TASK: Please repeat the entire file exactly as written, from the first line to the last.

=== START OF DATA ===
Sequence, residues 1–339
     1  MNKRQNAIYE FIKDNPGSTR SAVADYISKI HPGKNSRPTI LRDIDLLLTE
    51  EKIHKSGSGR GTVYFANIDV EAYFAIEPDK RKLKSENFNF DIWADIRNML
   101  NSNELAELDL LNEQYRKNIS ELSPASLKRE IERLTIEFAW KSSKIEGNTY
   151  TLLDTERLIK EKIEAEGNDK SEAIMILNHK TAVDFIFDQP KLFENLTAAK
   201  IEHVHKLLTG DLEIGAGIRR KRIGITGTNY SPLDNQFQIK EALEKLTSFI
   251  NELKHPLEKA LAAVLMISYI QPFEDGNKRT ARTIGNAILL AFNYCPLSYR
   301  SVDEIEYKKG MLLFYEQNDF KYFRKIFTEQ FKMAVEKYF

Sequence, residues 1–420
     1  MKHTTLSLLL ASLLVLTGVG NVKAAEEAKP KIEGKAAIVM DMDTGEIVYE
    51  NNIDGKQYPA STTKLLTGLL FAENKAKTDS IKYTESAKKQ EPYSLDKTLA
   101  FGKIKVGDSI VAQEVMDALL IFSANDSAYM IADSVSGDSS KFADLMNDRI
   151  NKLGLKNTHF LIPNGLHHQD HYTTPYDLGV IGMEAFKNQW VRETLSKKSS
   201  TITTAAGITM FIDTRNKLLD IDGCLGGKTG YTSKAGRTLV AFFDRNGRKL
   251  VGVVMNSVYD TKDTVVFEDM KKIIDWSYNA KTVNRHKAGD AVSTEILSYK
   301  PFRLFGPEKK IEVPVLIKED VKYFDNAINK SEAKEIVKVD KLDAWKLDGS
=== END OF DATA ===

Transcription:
Sequence, residues 1–339
     1  MNKRQNAIYE FIKDNPGSTR SAVADYISKI HPGKNSRPTI LRDIDLLLTE
    51  EKIHKSGSGR GTVYFANIDV EAYFAIEPDK RKLKSENFNF DIWADIRNML
   101  NSNELAELDL LNEQYRKNIS ELSPASLKRE IERLTIEFAW KSSKIEGNTY
   151  TLLDTERLIK EKIEAEGNDK SEAIMILNHK TAVDFIFDQP KLFENLTAAK
   201  IEHVHKLLTG DLEIGAGIRR KRIGITGTNY SPLDNQFQIK EALEKLTSFI
   251  NELKHPLEKA LAAVLMISYI QPFEDGNKRT ARTIGNAILL AFNYCPLSYR
   301  SVDEIEYKKG MLLFYEQNDF KYFRKIFTEQ FKMAVEKYF

Sequence, residues 1–420
     1  MKHTTLSLLL ASLLVLTGVG NVKAAEEAKP KIEGKAAIVM DMDTGEIVYE
    51  NNIDGKQYPA STTKLLTGLL FAENKAKTDS IKYTESAKKQ EPYSLDKTLA
   101  FGKIKVGDSI VAQEVMDALL IFSANDSAYM IADSVSGDSS KFADLMNDRI
   151  NKLGLKNTHF LIPNGLHHQD HYTTPYDLGV IGMEAFKNQW VRETLSKKSS
   201  TITTAAGITM FIDTRNKLLD IDGCLGGKTG YTSKAGRTLV AFFDRNGRKL
   251  VGVVMNSVYD TKDTVVFEDM KKIIDWSYNA KTVNRHKAGD AVSTEILSYK
   301  PFRLFGPEKK IEVPVLIKED VKYFDNAINK SEAKEIVKVD KLDAWKLDGS